In order to evaluate the activity of the antibodies after conjugation on the PSS-MA-GoldMag, probe A and probe B were prepared by immobilizing a pair of antibodies (antibody 1 and antibody 2), and antibody 1 on PSS-MA-GoldMag, respectively. The interaction between the two types of probe and D-dimer was analyzed by SPR spectroscopy. The best reaction time was obtained by observing the change of the maximum of the SPR peak for 40 min after adding three concentrations of D-dimer (0.6, 2, and 6 μg/mL) to probe A. As shown in Fig. 5a, a significant shift in the surface plasmon band was observed resulted from the aggregation of PSS-MA-GoldMag through crosslinks between antigen-antibody sandwich bridge over time. At low concentration (0.6 μg/mL), there was no significant change on the SPR spectrum from 20 to 40 min, indicating that 20 min is enough for the reaction of 0.6 μg/mL or lower concentrations of D-dimer. However, using middle and high concentrations of D-dimer (2 and 6 μg/mL), the wavelength kept increasing 30 min. This indicates that the best reaction time is 30 min. As shown in Fig. 5b, the SPR spectrum of the composite particles revealed a distinct red shift in surface plasmon resonance from λmax = 550 to 570 nm and intensity decrease of characteristic peak as the concentration of D-dimer increased from 0.3 to 6 μg/mL. This is provoked by the aggregation of PSS-MA-GoldMag caused by the cross connection of D-dimer with antibody 1 and antibody 2 on probe A. The aggregation of PSS-MA-GoldMag resulted in the change of the optical properties of the gold part of PSS-MA-GoldMag. Jiang et al. and Li et al. have also reported that aggregation of nanogold can make the SPR spectrum of nanoparticles red shift and border [32, 33]. However, no red-shift was observed in Fig. 5d because the interaction between D-dimer and antibody 1 was not able to lead to the assembly of nanoparticles. Furthermore, a distinguishable red-shift (5 nm) was observed even the amount of D-dimer added to probe A was as low as 0.3 μg/mL, which indicates that the limit of detection is below the diagnostic cut-off values (0.5 μg/mL) for this biomarker. A linear relation between the SPR spectral peak position and the D-dimer concentration was found in the range of 0.3–6 μg/mL (r 2 = 0.9944) (Fig. 5c).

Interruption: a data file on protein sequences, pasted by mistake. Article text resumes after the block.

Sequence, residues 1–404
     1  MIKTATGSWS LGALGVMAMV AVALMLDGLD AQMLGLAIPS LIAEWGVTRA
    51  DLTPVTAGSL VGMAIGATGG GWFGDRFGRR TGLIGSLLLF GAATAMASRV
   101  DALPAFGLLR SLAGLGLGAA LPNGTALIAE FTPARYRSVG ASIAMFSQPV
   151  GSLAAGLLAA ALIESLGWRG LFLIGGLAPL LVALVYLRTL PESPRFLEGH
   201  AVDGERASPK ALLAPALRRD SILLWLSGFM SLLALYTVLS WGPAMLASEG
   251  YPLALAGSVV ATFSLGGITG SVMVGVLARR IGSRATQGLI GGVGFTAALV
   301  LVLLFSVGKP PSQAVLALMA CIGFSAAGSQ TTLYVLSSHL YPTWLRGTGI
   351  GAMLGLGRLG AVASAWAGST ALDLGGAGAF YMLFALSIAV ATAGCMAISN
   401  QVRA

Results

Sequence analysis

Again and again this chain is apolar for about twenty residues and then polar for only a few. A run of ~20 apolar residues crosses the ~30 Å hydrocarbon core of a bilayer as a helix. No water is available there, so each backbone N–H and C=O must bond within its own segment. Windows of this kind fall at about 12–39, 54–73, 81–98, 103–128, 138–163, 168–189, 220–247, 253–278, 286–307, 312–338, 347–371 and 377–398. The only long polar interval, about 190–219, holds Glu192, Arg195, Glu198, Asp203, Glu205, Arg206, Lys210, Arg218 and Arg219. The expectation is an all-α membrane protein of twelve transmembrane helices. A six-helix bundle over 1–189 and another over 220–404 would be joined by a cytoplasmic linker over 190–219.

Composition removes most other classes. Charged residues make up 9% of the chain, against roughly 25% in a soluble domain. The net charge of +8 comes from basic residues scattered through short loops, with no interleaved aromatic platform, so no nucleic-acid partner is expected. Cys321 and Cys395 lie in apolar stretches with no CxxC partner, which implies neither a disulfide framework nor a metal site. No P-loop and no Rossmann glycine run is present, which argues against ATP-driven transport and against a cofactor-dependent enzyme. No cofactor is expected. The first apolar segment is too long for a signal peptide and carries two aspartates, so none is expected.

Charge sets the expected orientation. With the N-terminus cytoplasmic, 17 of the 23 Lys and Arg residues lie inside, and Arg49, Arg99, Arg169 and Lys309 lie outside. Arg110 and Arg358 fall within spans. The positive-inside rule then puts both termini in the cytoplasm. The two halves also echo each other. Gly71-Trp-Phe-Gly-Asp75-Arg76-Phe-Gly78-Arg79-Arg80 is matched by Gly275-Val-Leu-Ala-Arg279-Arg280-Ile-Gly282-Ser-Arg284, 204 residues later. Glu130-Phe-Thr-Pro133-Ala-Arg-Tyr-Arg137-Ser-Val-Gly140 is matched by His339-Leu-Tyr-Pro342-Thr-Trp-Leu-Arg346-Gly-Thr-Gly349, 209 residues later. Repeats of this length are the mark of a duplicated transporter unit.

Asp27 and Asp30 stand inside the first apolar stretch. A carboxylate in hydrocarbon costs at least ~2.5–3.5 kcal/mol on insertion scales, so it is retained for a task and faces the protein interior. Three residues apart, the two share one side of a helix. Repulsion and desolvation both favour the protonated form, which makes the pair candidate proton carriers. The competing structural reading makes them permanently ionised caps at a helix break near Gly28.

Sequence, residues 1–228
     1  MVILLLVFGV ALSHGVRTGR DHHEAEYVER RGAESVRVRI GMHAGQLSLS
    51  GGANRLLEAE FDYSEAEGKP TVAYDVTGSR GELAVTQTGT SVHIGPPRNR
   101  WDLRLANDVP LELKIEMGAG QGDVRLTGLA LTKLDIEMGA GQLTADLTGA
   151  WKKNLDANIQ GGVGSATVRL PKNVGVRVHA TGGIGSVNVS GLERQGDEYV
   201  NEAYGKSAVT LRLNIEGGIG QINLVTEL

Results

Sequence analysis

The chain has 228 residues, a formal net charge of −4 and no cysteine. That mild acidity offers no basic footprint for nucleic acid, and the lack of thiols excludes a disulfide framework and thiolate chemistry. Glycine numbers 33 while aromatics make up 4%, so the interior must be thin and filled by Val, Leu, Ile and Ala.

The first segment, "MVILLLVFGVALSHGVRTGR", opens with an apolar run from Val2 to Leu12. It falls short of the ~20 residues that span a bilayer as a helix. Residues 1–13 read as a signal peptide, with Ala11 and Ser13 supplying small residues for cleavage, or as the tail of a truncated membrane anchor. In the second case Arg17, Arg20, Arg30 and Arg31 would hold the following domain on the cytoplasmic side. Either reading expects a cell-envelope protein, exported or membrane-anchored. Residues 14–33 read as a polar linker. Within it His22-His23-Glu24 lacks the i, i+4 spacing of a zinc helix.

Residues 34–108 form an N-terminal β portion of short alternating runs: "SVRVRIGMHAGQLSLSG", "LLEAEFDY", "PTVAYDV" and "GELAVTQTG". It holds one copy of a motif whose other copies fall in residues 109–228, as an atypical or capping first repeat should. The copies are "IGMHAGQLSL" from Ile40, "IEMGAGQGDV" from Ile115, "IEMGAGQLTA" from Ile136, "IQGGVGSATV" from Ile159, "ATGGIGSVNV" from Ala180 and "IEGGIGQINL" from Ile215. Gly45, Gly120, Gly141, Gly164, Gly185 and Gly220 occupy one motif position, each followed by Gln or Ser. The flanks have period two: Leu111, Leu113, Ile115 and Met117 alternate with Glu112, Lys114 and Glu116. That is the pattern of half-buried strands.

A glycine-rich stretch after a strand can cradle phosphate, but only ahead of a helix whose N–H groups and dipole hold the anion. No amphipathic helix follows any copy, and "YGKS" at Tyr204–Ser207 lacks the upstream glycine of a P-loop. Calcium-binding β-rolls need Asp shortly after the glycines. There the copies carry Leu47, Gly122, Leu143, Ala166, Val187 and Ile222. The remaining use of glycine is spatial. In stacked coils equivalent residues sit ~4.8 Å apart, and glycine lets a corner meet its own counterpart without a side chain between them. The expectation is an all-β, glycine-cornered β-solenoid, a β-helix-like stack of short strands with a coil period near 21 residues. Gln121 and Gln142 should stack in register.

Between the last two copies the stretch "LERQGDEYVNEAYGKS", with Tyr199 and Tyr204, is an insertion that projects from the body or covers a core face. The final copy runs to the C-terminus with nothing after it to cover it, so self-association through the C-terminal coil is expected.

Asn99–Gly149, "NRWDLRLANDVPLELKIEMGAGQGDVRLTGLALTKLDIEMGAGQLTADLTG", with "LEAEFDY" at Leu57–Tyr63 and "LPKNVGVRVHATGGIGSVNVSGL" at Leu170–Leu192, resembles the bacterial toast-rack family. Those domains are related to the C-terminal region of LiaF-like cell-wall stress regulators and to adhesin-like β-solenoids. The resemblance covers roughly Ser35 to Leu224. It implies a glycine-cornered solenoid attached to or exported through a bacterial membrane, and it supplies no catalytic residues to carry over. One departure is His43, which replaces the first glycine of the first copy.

As shown in Fig. 6, no significant shift was found of the SPR characteristic peak of PSS-MA-GoldMag in the presence of triglycerides, bilirubin, and hemoglobin, respectively. This result indicates that our protein detection system has no interfering reactions with triglycerides, bilirubin, and hemoglobin.
These results show that PSS-MA-GoldMag is a promising magnetic nanoparticle for protein immobilization and can form a sandwich bridge on the particle surface via antibody 1-target protein-antibody 2. This makes PSS-MA-GoldMag valuable as a material for use in point-of-care optical detection of biomarkers.
In this study, PSS-MA was firstly used for modification of GoldMag (Scheme 1). The introduction of PSS-MA to the surface of GoldMag significantly improved its stability in buffer solution. In addition to the steric hindrance that is caused by the long polymer chain of PSS-MA, the carboxyl groups and the sulfo group in PSS-MA cause electrostatic repulsion between the nanoparticles . This significantly enhances the stability of PSS-MA-GoldMag. The high number of carboxyl groups on the particle surface meets the requirement for conjugation with biomolecule.
In the present study, an easy and rapid method for coating GoldMag with PSS-MA was reported. The results show that colloidal stability and dispersity of GoldMag were significantly improved through introduction of PSS-MA. The particles present good stability in buffer solution with a wide pH range. Moreover, the presence of carboxyl group offers the option of conjugating proteins to the nanoparticles. Taking D-dimer and its antibody as a model, it is found that the optical characteristic can be tailored through the crosslinking between antigen and antibody-nanoparticle composite. The results show that the PSS-MA modified GoldMag can serve as a very promising candidate for optical detection based on immunoassays.
Dynamic light scattering
Fourier-transform infrared spectroscopy
Gold magnetic nanoparticles
Poly(4-styrenesulfonic acid-co-maleic acid)
Surface plasmon resonance
Transmission electron microscope
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This study was supported by National Science and Technology Major Projects for “Major New Drugs Innovation and Development” of China (grant number 2012ZX09506001-001), the National Nature Science Foundation of China (grant number 31200749), and Northwest University Graduate Innovation and Creativity Funds (grant number YZZ15008).
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Zhang, X., Zhang, Q., Ma, T. et al. Enhanced Stability of Gold Magnetic Nanoparticles with Poly(4-styrenesulfonic acid-co-maleic acid): Tailored Optical Properties for Protein Detection. Nanoscale Res Lett 12, 547 (2017). https://doi.org/10.1186/s11671-017-2303-6
- Poly(4-styrenesulfonic acid-co-maleic acid) sodium salt
- Gold magnetic nanoparticles
- Protein detection